The story of a particular predator in that environment was only the easy one to tell, the starting point. I named him off-camera, but didn’t bother to onscreen. He was irrelevant to my trauma, ultimately, despite being illustrative to the conversation on why people don’t report sexual harassment. At the core of that story is something else, another story based on my consent and how it was abused, a story too painful to tell about a man deemed by those around him as too desirable to be a predator. No, story is the wrong word. Experience. And other experiences too terrible to transform into tell-able tales. Friends who attacked their partners. Abusive partners who turned out to also be predators in their fields. Manipulators so dazing that we’re inside their lies before we realise they are labyrinths. Above all: the way I use the plural because to use the singular already feels too specific, too much like a story and not a secret.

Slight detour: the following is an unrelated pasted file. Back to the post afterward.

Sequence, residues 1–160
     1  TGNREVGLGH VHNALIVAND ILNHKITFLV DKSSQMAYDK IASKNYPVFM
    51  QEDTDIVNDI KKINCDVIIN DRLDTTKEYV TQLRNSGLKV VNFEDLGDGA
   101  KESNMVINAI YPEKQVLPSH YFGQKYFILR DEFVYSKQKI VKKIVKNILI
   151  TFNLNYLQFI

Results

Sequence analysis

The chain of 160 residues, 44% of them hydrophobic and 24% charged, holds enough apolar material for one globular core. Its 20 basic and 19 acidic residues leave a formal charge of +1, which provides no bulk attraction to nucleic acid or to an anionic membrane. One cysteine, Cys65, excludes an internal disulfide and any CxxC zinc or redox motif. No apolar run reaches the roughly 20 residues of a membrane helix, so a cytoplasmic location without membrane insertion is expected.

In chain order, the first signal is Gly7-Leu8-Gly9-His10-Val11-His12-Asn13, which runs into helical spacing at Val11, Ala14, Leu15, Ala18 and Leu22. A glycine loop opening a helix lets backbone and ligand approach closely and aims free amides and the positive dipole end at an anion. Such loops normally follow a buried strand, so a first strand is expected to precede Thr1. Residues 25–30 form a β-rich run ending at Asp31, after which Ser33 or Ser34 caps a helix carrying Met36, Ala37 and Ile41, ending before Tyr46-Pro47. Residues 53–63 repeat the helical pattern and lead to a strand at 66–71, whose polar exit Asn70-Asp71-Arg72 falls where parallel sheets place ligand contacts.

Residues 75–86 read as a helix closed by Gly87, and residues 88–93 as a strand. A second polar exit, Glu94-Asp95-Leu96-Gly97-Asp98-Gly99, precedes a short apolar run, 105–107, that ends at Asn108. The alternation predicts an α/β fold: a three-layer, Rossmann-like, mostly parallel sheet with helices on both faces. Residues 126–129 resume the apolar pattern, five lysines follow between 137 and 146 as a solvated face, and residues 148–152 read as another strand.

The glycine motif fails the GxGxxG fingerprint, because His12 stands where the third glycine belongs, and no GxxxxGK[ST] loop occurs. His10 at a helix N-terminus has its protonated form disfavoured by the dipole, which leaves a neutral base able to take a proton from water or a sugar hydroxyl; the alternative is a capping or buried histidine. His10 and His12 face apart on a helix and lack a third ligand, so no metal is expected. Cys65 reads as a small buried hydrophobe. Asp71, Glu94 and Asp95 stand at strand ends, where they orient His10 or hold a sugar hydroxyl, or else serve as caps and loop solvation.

The whisper network doesn’t suffice because the worst experiences are ones we don’t share. I looked at that list and thought: What’s 70 names in a rape culture of 1.3 billion people? A few women were brave enough to whisper loudly enough. That’s all. And we know of, but are still circling, the worst of it. How can I protect someone from going through what I did when I cannot even speak of it? I can’t. Most of the worst people walk free in the world. Perhaps that’s why we who see the private struggle behind a public list fight so hard for the hypothetical. We’re tired of women being cautionary tales. We want the villain to be the protagonist for once.

Justice is a long shot. We get used to the idea that we’ll never get it. So we count and recount our stories. The ones we yell out loud. The ones we whisper. But mostly, honestly, the ones we don’t divulge at all. And the ways we tell and retell them to ourselves anyway, whether we keep track that we’re doing it or not.

An edited version appeared in The New Indian Express on November 2nd 2017. “The Venus Flytrap” appears on Thursdays in Chennai’s City Express supplement.

The Venus Flytrap: The Buffer Around Predatory Men